Friday, Dec 15, 2017 | Last Update : 02:17 AM IST
These delicious-looking but deadly ice candies cleverly highlight the global problem of water pollution.
A quick lick or frosty bite of the ubiquitous orange, blueberry, kiwi, or strawberry popsicle may be a perfect way to beat the heat, but this is one treat you would never want to be part of. A group of three design students from the National Taiwan University of the Arts have made some popsicles that look appetising but are made from polluted river water.
These ‘100 per cent Polluted Water Popsicles’, are flavoured with plastic waste, sewage, cigarette butts, condoms, oil spill, harmful dyes, resin, dead fish, wrappers, bottle caps et al. “The idea was to create awareness of water pollution and the importance of people having the right to access clean drinking water,” say the trio, Hong I-chen, Guo Yi-hui, and Cheng Yu-ti, on their social media page.
The trio’s quirky sense of humour and innovative idea of spreading water pollution awareness has taken the virtual space by storm. They have been featured in several exhibitions in Taipei, including the Taipei World Trade Centre’s Young Designers Exhibition 2017.
The students took polluted water from 100 locations and froze the samples in popsicle moulds. The delicious-looking deadly pops were then preserved with polyester resin to keep them from melting.
According to a study undertaken by the World Economic Forum, approximately 8 million metric tonnes of plastic waste is dumped into oceans and waterways every year. It is the equivalent of emptying a truckload of polluted waste every minute. No prizes for guessing the top three water spoilers — China, India and the US.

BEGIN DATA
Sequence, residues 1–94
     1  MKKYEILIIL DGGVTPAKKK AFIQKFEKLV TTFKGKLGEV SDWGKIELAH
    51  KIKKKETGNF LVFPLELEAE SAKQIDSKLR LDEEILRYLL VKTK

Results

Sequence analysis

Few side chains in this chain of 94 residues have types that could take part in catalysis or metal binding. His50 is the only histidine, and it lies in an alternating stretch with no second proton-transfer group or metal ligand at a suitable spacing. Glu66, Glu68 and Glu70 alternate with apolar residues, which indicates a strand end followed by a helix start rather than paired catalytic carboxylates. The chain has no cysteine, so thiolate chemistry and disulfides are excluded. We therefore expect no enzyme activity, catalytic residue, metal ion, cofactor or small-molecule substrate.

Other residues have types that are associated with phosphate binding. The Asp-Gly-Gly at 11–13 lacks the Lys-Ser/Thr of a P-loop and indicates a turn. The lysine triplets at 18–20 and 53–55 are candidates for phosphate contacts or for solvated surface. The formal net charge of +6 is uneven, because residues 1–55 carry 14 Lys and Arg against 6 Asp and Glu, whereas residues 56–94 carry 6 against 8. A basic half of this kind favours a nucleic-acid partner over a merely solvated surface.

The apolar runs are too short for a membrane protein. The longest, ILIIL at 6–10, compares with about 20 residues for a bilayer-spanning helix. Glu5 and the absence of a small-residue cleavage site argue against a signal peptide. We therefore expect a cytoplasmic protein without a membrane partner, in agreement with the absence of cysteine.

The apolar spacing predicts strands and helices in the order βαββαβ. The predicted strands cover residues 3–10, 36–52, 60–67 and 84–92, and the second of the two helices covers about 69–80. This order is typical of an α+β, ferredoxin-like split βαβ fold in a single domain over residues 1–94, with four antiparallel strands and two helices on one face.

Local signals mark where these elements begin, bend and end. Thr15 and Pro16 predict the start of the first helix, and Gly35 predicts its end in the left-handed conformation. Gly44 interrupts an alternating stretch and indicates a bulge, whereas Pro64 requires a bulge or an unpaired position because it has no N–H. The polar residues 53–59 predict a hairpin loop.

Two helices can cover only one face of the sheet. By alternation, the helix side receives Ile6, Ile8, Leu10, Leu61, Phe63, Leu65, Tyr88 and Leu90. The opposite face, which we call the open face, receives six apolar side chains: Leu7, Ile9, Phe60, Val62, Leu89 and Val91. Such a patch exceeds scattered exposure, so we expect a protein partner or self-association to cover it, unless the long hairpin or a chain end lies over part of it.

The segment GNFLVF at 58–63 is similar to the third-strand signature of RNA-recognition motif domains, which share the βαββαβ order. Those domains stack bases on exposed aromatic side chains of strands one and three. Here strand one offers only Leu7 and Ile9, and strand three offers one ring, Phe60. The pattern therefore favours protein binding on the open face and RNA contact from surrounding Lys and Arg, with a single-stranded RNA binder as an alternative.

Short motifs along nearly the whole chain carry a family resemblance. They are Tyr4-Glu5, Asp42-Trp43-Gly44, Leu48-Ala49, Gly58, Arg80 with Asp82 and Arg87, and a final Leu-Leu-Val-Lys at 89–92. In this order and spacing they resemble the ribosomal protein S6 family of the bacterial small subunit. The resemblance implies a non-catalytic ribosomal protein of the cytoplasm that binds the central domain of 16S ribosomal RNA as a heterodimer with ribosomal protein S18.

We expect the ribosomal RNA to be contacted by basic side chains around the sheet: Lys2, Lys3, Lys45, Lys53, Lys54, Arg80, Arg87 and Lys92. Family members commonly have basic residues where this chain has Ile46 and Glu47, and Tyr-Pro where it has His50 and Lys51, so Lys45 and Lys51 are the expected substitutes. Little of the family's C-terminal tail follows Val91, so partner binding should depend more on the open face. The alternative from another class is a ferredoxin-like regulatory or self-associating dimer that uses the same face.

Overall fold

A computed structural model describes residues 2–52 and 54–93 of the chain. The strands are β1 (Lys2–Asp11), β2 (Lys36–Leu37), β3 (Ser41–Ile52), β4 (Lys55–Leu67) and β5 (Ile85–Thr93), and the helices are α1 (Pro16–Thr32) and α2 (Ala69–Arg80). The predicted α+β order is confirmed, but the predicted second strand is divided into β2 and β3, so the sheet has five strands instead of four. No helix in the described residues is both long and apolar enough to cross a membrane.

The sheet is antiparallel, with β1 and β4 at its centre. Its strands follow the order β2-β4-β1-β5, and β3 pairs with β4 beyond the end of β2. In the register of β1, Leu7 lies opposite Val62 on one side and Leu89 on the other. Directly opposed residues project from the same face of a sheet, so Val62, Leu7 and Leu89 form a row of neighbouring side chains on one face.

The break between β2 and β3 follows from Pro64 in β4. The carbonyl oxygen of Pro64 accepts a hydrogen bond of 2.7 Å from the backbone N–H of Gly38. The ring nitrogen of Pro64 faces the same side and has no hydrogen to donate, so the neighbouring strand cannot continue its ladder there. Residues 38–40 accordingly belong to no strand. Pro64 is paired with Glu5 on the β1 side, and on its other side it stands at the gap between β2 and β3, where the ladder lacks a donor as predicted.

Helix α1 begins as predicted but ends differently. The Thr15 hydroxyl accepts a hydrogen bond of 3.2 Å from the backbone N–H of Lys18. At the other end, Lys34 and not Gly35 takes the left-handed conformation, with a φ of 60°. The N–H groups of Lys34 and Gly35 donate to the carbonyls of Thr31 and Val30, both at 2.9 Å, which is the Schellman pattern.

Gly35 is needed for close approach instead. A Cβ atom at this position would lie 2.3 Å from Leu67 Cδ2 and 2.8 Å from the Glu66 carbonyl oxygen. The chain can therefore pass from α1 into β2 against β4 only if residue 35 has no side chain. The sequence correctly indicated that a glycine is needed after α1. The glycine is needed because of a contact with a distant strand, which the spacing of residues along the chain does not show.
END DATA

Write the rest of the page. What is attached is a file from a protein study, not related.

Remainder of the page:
More than 70 per cent of their waste is discarded untreated and disposed of improperly. Some researchers say that India pumps around 0.6 tonnes of plastic waste into the ocean every year. However, the Indian government does not have any official data to either deny or support this figure.
Around three billion people across the world get a fifth of their protein intake from the sea and are at risk of consuming plastic and other toxic waste. “It’s time we do something to control the water pollution. But the idea of the Taiwanese students is superb. It clicks because everybody loves an ice candy, but the next time you buy one, you will think of these disgustingly beautiful popsicles as well,” says Srikant Nayak, an artist and green activist from Mumbai.
So the next time you take a bite of your favourite orange ice candy, don’t forget to trash the plastic wrapper in the bin!